Conflict is the core of any movie with the word war in its title, and The Phantom Menace is chock full of space-aged digital violence -- but no gore. Thousands of those killed are robotic droids or of a non-human descent (that makes it okay?). With the exception of a high-speed pod-race, which is organized for recreational/gambling purposes and results in needless loss of life, the rest of the action depicts individuals fighting for freedom after other attempts at negotiating have failed.

The lack of profanity and sex (other than a brief shot of a woman in just as brief a bikini) impressed me more than the effects, which is bound to make this film a huge hit with many families. The good news is, if the old Star Wars movies met your family's standards, this will too.

Discussion Ideas After The Movie

Teaching ideas and topics to discuss about Star Wars: Episode I - The Phantom Menace.

Is it more acceptable to kill non-humans (robots, aliens, etc.) than human beings?

This movie has been criticized for its simple, almost innocent story line. Yet it is very much like its predecessors. Is this a reflection on the evolution of the movie industry over the last 20 years?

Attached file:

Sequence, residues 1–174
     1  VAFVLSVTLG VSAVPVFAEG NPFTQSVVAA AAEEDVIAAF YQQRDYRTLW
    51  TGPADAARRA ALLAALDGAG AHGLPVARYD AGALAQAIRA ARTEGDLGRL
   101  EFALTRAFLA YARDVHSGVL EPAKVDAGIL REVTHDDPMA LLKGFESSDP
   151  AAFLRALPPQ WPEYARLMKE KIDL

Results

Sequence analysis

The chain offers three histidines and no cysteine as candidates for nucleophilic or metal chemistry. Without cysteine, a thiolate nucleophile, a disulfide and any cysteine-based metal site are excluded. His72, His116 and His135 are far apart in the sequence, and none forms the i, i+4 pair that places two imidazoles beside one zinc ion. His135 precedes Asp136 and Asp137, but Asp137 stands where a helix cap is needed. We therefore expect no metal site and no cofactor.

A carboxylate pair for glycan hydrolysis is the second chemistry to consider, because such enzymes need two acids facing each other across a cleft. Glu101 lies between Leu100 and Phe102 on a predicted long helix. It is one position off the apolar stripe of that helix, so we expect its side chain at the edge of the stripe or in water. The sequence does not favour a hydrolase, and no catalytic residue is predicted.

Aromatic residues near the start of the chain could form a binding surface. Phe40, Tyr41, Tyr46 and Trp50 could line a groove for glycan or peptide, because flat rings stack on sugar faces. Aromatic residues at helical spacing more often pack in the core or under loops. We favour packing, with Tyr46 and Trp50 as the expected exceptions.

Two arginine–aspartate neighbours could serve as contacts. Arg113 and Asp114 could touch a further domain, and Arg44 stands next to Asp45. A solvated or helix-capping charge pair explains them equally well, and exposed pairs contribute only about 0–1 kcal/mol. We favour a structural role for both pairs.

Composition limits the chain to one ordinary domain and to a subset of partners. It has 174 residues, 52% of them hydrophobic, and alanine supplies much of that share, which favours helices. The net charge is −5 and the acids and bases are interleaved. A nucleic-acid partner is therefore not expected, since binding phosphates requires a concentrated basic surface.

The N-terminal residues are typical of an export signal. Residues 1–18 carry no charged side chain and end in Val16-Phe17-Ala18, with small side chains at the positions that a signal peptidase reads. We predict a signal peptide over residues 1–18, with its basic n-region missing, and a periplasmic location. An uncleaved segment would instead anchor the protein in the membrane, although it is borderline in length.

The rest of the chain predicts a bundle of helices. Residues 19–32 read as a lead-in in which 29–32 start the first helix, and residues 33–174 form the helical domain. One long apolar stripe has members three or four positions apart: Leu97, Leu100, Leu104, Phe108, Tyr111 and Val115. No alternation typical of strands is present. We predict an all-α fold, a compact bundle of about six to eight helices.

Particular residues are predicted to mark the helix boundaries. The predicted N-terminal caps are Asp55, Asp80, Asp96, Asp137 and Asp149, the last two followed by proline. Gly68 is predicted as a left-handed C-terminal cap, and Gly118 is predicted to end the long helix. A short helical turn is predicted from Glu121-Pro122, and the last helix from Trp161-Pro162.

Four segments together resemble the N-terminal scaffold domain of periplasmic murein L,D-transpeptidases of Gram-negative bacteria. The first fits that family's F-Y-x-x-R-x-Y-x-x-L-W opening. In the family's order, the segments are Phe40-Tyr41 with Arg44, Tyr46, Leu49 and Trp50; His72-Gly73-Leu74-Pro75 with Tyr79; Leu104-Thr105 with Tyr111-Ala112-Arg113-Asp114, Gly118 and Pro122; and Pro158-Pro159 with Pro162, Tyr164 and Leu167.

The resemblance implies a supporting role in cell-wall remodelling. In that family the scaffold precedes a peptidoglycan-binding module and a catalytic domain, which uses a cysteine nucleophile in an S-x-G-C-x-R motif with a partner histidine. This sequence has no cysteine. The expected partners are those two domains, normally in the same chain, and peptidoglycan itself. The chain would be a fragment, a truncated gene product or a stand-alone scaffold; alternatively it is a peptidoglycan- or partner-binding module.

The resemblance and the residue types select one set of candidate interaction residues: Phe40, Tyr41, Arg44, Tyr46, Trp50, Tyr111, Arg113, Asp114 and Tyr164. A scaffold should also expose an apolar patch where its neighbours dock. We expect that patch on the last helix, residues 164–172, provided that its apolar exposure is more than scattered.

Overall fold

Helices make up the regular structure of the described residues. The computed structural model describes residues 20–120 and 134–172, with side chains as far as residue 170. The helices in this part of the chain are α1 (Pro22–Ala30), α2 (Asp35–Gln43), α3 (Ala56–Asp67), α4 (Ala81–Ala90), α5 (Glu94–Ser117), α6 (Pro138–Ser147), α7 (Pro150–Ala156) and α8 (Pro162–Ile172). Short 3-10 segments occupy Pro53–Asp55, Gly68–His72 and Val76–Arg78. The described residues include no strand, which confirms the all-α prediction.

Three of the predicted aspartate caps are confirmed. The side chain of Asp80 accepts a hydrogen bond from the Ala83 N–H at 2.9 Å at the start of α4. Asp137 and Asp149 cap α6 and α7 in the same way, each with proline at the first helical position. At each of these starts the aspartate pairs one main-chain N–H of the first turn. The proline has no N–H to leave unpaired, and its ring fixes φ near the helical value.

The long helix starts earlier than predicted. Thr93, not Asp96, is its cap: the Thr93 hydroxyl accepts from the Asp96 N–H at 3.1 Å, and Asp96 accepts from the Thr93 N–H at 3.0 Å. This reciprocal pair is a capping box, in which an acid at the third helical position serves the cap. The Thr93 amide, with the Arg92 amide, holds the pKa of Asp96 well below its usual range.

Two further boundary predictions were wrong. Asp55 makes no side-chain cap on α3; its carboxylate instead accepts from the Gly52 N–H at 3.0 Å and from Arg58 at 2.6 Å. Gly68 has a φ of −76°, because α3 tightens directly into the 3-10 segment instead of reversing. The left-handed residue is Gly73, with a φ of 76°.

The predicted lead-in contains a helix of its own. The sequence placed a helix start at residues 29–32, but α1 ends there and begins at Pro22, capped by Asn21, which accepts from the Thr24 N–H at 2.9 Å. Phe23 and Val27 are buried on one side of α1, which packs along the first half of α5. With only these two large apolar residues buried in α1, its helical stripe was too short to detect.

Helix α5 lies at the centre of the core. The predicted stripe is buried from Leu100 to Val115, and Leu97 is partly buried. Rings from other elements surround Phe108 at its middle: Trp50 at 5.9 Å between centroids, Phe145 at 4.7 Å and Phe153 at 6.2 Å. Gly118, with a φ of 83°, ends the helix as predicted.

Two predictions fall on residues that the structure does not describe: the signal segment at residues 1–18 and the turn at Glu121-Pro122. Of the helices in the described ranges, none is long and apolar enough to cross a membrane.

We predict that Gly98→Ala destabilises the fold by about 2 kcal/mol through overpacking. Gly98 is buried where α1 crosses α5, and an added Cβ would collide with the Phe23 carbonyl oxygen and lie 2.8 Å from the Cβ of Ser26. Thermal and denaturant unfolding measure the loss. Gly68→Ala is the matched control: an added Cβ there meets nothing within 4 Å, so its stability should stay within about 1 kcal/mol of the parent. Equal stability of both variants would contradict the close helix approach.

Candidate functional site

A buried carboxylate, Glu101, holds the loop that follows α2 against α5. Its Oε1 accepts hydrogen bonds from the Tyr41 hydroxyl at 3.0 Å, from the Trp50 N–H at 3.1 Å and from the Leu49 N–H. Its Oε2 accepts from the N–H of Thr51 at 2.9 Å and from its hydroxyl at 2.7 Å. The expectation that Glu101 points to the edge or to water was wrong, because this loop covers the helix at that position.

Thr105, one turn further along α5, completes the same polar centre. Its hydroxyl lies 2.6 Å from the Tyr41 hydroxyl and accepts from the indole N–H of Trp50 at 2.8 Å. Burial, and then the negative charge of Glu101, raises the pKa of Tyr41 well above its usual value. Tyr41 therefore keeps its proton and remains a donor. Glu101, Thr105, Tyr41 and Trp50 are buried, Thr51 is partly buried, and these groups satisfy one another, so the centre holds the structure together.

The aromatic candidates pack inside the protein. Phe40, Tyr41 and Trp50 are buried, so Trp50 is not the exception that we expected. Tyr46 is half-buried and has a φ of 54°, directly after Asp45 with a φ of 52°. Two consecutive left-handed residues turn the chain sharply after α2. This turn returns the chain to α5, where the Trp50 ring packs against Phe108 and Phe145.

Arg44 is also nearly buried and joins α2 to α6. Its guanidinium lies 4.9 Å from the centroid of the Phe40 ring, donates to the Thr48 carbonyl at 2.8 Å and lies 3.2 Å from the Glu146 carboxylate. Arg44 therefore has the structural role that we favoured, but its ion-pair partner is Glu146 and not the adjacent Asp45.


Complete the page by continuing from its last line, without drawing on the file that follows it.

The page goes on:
Re-releasing blockbusters in 3D to the big screen is big business in Hollywood. Learn more about the this film’s digital conversion here:

Trailers & Clips

Canadian Movie Ratings

AB PG Violence.
MB PG Violence.

Canadian Home Video Rating: PG

Watch @ Home

Details on home video releases of Star Wars: Episode I - The Phantom Menace...

Home Video Notes: Star Wars: Episodes I - III

Release Date: 8 October 2013

20th Century Fox is releasing Star Wars: Episodes I - III to home video (Blu-ray and DVD). This 6 Disc Combo Set (3 Blu-ray +3 DVD) includes:

- Blu-ray Only Bonus Features: Audio Commentary for Each Movie from Archival Interviews with George Lucas, Cast and Crew.